In the recent “Dance of the Lions and Dragons” report issued by McKinsey, the story of the infrastructure gap is raised: whilst Africa’s spending on infrastructure has fuelled an infrastructure building boom supported largely by government debt, it still falls short of the $150 billion dollars per annum required.
To date “China, Inc.” has been comfortable with lending to projects provided there is ultimately a government guarantee in place, so it can bring the significant soft power of the Chinese government to ensure the likes of Sinosure do not end up carrying the cost of defaulting African governments commitments.
This model has led to a relatively low capacity and appetite for the Chinese financial institutions to undertake deep quantitative and qualitative analysis of commercial risks in more market-orientated infrastructure projects. This lack of capacity/appetite is evident through the fact that only a couple of Chinese-funded infrastructure projects with no government guarantees have achieved financial closure.
Looking ahead, this infrastructure spending may result in a number of African governments defaulting on their debt obligations forcing China into yet another round of debt forgiveness. Will that force China into rethinking its approach to lending to African infrastructure projects and if so, what models are out there for them to compete with the wider market of infrastructure providers?
A quick scan of the continent shows up three main alternatives, namely:
- Resource for Infrastructure model: infrastructures in exchange for resource entitlements such as oil, gas, iron, bauxite, etc.
- Public Private Partnerships
- Build, Own, Operate, Transfer (BOOT) and the many variants of this model.
The Resource for Infrastructure model has been around for a number of years however there are still some sustainability issues to address and there are risks around the sustainability of the “social license” to such deals in Africa, which manifests itself in anti-Chinese sentiment which ultimately impacts China’s long-term vision for the continent.
The Public Private Partnership model has been advocated for a number of years by the donor community and the multilateral development institutions. However, a critical analysis of the structuring of the power sector deals indicates that the efforts of the donor community to restructure the enabling environment and pricing policies have effectively ring-fenced the more secure elements of service delivery. In this situation, risks have not been reduced or placed where best mitigated, but merely transferred back to government. In such cases, it can be argued that the risk to the government has increased as private sector investors have no incentive to reduce exposure to risk carried by government and has caused increasing fragmentation in the sectors. Ultimately, under the structure of many Public Private Partnership it could be said that the same risks are present as with the China Infrastructure financing model, and could get caught up in debt forgiveness mechanisms in the more extreme cases.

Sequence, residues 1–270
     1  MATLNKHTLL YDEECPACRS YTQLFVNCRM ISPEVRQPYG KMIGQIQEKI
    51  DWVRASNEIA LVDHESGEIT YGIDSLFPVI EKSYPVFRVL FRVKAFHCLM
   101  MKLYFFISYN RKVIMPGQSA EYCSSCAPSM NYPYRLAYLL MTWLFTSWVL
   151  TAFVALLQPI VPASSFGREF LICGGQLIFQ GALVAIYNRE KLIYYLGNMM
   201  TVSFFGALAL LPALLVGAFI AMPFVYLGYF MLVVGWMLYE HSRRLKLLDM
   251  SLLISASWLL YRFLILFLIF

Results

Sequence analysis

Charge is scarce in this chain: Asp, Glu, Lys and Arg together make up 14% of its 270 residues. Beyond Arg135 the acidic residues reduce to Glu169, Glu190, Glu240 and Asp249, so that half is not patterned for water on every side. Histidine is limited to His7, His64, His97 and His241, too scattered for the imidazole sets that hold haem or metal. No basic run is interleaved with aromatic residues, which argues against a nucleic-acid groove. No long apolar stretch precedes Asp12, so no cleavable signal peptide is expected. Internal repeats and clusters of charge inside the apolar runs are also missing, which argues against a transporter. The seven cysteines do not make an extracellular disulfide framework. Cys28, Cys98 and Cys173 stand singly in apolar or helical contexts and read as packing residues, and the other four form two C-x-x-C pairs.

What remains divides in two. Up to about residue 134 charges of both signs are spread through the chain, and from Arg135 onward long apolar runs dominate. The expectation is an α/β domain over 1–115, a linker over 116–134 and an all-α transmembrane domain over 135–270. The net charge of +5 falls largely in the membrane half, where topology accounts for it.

Sub-Saharan African governments are starting to explore options where private sector companies build, own, operate and transfer commercial infrastructure rather than leaving this to the exclusive control of State Owned Enterprises. In the telecom sector, this approach has been most notable, and has allowed to enjoy the “leapfrog effect” and the positive impact it had on the African economy. A scan of the enabling environments in other African infrastructure sectors indicates that there is still much work to be done by many African governments to liberalise the legislation and build capacity in the regulatory bodies to encourage the Build, Own, Operate and Transfer model and its variants of private sector involvement in large-scale commercial infrastructure.
This is the area where arguably Chinese infrastructure capital providers have capacity and risk appetite constraints and where Western infrastructure providers can demonstrate superior commercial structuring and due diligence skills.
However to deliver infrastructure in sub-Saharan Africa under a Build, Own, Operate and Transfer model, the Western infrastructure developers need to develop a level of risk appetite and political entrepreneurship skills to manage and mitigate those perceived and real challenges that Chinese companies appear more comfortable with, including:
- high upfront costs;
- entail long payback period;
- uncertainties in pricing;
- uncertainties in regulatory policies;
- affordability of services by end users.
In turning to the title of this article, one should also ask whether we should seek to compete with the Asian dragon or actually seek to invest time into building a meaningful friendships with China, so that businesses can follow later and benefit from our collective combined skills to have a greater development impact.
This blog first appeared on the Blog News and views from the Blavatnik School of Government community http://blogs.bsg.ox.ac.uk/2017/08/02/can-the-west-compete-with-the-asian-dragon-in-the-african-infrastructure-space/